Mining Companies Gambling with Latin American Lives
and Sovereignty Through International Arbitration
Manuel Perez Rocha | Jen Moore
This report exposes 38 cases of mining companies that have been filing dozens of multi-million dollar claims against Latin American countries before supranational arbitration panels, demanding compensation for court decisions, public policies and other government measures that they claim reduce the value of their investments. In most of these cases, communities have been actively organizing to resist mining activities and defend their land, health, environment, self-determination and ways of life.
For them, these suits represent a further assault against their self-determination and the already limited protections they have. Meanwhile, for transnational mining companies, supranational arbitration is yet another opportunity to strike it rich through reckless, casino-style gambling, given the recourse they have to bring suits within a system in which the deck is heavily stacked in their favor.
- Colombia currently faces over US$18 billion dollars in threatened or pending suits, especially related to protecting Indigenous territory and fragile páramo ecosystems, which provide water to over a million people.
- Mexico and Uruguay face over US$3 billion each in suits for measures that have put ecologically sensitive areas off-limits to industrial mining.
- Guatemala and Ecuador have been threatened with tens or hundreds of millions of dollars in suits related to gold and silver projects that communities have spent many years fighting, facing criminalization and threats to defend their water, health, and livelihoods.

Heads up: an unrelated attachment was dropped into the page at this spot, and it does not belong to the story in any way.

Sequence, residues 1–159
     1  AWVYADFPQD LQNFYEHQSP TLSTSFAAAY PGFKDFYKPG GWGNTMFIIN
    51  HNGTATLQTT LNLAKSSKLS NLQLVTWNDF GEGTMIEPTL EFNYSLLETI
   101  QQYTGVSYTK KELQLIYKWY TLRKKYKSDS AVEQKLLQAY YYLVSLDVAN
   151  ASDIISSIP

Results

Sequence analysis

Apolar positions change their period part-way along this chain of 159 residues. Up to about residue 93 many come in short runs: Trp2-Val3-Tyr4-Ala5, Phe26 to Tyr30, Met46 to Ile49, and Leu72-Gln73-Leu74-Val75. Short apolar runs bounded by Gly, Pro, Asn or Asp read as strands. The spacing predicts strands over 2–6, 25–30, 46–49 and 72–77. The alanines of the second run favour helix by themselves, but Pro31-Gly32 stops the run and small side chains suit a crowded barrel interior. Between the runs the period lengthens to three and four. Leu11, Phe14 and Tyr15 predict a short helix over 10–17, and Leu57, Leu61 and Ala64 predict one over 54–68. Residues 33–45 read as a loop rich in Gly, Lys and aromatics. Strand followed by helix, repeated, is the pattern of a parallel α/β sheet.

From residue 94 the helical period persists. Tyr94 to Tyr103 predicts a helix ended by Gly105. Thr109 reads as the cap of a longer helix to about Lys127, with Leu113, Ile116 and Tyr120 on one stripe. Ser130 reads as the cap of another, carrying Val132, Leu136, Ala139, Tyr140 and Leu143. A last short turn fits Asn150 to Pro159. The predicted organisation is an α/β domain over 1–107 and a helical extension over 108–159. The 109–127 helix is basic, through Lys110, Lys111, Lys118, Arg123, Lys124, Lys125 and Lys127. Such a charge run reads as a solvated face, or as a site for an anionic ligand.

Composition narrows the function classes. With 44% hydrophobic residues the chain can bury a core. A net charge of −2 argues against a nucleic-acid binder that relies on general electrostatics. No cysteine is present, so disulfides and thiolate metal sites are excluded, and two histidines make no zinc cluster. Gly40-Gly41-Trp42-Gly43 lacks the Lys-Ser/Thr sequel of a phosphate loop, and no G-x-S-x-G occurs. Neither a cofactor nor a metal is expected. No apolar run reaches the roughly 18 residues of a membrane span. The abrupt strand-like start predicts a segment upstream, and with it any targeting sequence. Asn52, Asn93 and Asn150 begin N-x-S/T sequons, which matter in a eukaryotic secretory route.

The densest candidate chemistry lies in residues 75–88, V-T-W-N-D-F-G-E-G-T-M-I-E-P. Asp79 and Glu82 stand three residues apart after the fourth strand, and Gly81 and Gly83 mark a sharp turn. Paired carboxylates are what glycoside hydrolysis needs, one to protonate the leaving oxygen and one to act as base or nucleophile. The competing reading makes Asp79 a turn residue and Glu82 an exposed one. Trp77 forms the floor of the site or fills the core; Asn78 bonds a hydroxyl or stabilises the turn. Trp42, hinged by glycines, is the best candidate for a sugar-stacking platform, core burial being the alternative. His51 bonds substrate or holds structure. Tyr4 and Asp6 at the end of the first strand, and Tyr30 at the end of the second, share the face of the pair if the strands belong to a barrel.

- Transnational corporations have access to the supranational arbitration system as a result of investor-state dispute settlement (ISDS) clauses in Free Trade Agreements and other investment protection pacts laws. These allow companies to bypass domestic courts and sue governments before private tribunals of highly paid corporate lawyers who have no obligation to local communities.
- The extractive sector takes greatest advantage of ISDS with oil, gas and mining companies having brought 24% of known claims.
- The geographic distribution of cases is concentrated in Latin America, where Central and South American governments face 29% of known claims.
- The majority of companies discussed in this paper were brought by Canadian-domiciled firms. This is reflective of the disproportionate role of Canadian financing in the global mining sector and that some 55% of Canadian mining assets abroad are concentrated in Latin America.
The report probes the justifications used by mining companies to pursue supranational arbitration against Latin American governments and comes to the following conclusions:
- One-third of the cases examined dispute government measures related to Indigenous Rights and community consent. Nine of these were brought by companies without any operating mine at the time of arbitration.
- Over half of cases dispute government measures concerning the enforcement of environmental and health protections. Fifteen of these were brought by companies without any operating mine at the time of arbitration.